The Ezana Stone is a pre-Islamic monument and an artifact of the ancient Ethiopian kingdom of Aksum. The 1650-year-old stone monument is a unique artifact that documents the conversion of the Axumite king Ezana to Christianity and his conquest of various neighboring territories, including Meroe. It is one of the few surviving ancient written records originating from pre-Islamic Africa.
The Kingdom of Aksum, also known as the Aksum Empire, was a developed trading country that was located on the site of modern Eritrea and Northern Ethiopia. The heyday of the kingdom occurred approximately in the 100 – 940 years of our era.
Although the first state formation on this site belonged to the Proto-Axum Iron Age (IV century BC), it was only in the I century AD that Axum became one of the main players on the trade route between the Roman Empire and Ancient India.
The king of Axum Ezana ruled in the IV century AD. He was the first ruler of the kingdom of Aksum who converted to Christianity, but the first inscriptions on the stone date back to the pagan era, because in them, Ezana calls himself the son of the deity Mahrem, and there is no mention of a Christian God.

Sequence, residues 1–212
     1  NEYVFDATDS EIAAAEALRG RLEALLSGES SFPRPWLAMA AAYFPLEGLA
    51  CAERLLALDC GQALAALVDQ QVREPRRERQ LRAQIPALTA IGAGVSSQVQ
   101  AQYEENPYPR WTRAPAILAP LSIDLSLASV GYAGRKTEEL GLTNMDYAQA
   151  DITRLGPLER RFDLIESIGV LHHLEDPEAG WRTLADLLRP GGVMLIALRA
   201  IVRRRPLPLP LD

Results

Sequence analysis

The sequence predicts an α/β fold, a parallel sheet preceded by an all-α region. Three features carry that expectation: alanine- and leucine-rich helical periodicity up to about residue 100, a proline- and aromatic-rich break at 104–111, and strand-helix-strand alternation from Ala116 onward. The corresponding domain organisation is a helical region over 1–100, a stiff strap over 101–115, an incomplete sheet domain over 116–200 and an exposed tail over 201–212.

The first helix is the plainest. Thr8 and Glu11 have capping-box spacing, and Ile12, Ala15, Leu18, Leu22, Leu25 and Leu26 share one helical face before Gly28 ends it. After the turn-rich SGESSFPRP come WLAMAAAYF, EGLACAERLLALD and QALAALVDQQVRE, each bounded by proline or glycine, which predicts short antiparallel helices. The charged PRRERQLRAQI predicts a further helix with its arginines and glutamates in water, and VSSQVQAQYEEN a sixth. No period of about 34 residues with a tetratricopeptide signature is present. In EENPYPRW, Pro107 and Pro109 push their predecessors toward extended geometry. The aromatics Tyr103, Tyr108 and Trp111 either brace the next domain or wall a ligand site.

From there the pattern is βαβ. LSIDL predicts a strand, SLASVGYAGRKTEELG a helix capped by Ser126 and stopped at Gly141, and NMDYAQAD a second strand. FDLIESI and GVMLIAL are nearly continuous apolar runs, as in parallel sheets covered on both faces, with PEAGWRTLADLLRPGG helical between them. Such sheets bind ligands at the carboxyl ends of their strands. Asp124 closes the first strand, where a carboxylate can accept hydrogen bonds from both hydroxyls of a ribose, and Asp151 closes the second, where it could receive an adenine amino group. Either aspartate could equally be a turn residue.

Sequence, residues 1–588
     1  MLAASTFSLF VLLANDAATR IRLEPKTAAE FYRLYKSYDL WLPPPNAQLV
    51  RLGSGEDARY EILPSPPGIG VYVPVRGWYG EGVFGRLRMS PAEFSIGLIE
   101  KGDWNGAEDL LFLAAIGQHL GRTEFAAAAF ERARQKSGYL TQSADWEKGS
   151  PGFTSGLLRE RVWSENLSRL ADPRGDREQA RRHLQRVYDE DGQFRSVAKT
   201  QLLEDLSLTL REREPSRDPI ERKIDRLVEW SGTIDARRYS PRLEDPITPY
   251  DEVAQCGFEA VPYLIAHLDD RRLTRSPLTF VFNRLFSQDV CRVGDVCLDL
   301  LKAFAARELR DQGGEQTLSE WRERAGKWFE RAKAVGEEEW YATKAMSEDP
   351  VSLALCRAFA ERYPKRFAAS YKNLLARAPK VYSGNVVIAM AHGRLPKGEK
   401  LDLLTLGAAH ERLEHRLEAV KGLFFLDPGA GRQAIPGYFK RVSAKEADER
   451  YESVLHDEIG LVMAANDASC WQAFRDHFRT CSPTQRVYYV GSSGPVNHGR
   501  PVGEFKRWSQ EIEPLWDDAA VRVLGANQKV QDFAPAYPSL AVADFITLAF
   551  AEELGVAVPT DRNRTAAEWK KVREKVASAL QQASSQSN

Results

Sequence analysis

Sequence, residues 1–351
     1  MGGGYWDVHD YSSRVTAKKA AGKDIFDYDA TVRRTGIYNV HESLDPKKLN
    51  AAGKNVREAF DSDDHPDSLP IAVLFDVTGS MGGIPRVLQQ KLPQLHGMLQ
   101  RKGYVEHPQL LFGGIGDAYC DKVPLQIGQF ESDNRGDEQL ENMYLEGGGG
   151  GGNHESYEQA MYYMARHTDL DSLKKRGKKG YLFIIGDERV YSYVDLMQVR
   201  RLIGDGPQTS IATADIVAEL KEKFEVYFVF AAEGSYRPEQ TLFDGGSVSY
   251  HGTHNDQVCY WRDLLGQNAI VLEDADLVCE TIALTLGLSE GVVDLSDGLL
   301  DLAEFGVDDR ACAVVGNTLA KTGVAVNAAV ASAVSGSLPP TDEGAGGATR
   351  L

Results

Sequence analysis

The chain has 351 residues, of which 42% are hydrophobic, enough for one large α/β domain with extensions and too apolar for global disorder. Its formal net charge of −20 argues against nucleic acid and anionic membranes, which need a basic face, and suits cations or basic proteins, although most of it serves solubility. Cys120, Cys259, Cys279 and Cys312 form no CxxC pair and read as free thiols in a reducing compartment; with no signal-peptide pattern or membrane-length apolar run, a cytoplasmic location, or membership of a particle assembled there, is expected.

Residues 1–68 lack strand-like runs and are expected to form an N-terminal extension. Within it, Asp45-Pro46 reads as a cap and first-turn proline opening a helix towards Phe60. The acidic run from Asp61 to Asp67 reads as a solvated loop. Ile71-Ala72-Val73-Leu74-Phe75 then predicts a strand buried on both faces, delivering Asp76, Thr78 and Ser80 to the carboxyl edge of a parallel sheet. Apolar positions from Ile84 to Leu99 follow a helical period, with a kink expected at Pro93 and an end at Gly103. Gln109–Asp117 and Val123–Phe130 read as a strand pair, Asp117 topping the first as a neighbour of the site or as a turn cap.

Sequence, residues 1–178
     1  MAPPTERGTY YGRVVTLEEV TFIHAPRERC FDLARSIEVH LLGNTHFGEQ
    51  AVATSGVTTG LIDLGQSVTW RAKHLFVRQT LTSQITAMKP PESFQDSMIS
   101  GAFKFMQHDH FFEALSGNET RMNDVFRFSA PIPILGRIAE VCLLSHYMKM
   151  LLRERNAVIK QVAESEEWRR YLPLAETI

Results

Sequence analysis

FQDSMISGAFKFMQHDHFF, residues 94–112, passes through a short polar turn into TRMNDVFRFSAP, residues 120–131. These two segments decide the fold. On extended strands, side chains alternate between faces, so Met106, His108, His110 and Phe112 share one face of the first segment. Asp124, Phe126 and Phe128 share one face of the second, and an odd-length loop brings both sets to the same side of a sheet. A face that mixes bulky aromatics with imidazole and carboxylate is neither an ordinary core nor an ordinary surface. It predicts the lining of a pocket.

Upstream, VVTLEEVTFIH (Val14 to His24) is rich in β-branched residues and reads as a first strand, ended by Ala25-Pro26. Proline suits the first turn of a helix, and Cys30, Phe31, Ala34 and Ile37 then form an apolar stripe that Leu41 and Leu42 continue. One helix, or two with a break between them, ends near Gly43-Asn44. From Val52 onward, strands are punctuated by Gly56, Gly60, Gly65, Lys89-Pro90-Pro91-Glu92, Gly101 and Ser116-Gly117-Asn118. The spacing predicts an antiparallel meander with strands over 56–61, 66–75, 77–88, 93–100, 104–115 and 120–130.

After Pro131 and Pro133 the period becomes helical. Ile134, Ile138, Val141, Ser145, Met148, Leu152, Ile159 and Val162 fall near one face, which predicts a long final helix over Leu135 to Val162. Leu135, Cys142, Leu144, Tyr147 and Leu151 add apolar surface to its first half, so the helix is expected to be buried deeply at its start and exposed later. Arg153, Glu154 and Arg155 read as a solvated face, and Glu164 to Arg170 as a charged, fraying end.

After the battles against the Nubians, Ezana decided to perpetuate the memory of his victories on stone steles written in Geez (ancient Eritrean/Ethiopian), Sabean (South Arabian), and Greek. Because of this, many scientists compare the Ezana Stone with the Rosetta Stone.
The Ethiopian Orthodox Church originated during the reign of Ezana. In his “Ecclesiastical History,” Rufinus of Aquileia tells that Saint Frumentius, a personal Syrian slave of the young monarch, converted him to Christianity.
Towards the end of his reign (around 350 AD), King Ezana launched a military campaign against the Kushites, which eventually led to the fall of the kingdom of Kush. In the city of Meroe, which was once the capital of Kush, today there are many inscriptions on stone steles made in the Geez language.
The efforts of Frumentius, who managed to convince the king to change his religion, were not in vain. Since then, Christianity has remained the main religion in Ethiopia to this day.